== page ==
While no one wants to be in a position where they need to see an emergency dentist, accidents happen. Some dental emergencies may not require immediate medical attention; others cannot wait. Since it can be difficult to know exactly what to do when a dental emergency occurs, having an advance plan is the best course of action.
Visiting an emergency dentist in Southgate, such as those at Adams Dental, can mean the difference between saving and losing a tooth. An emergency dentist can help evaluate the situation and offer the best treatment possible in order to alleviate pain and ensure that the health of the affected tooth is fully restored. Here are some common dental emergencies and how to deal with them while waiting to be treated by an emergency dentist in Southgate.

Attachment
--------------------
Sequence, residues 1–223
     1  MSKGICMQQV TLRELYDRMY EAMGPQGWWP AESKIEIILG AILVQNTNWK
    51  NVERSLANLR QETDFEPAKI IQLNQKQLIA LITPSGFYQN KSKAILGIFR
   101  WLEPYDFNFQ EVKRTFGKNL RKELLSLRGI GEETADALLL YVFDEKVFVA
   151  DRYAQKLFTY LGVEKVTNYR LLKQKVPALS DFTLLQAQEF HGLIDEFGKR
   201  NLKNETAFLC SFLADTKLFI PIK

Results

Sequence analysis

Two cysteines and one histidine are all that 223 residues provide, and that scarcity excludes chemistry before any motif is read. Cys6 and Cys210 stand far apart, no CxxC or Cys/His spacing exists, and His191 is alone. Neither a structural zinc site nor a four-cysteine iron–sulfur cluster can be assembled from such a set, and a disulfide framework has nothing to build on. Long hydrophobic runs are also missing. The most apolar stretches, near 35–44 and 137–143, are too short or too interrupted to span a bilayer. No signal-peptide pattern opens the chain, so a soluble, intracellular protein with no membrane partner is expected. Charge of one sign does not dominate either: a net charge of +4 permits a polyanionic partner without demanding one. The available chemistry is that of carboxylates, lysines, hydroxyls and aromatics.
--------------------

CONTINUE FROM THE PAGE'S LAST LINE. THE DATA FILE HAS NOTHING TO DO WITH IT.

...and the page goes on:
A toothache is one of the most common reasons people visit an emergency dentist and can be indicative of various dental problems. If a toothache persists, visiting an emergency dentist in Southgate is the best thing to do. If there is swelling around the tooth, the toothache may be related to a tooth abscess. In other cases, the pain may be the symptom of a cavity or severe infection.
A knocked-out tooth is another common reason patients visit the emergency dentist. In this case, the sooner someone acts, the better their chances of saving their tooth. Upon losing a permanent tooth, rinse it with lukewarm water, being careful not to remove any tissue from the surface. Attempt to reposition the tooth into the socket, but if this is impossible, put it in a container of milk. The most successful re-implantation occurs when patients visit an emergency dentist within an hour of the accident.
Chipped and cracked teeth
Chipped and cracked teeth are not always painful. However, they can cause discomfort and for this reason, visiting an emergency dentist is the best course of immediate action. A chipped or cracked tooth will not only cause pain, but can also become infected. If a chipped or cracked tooth is not fixed in time, it can lead to tooth decay and tooth loss.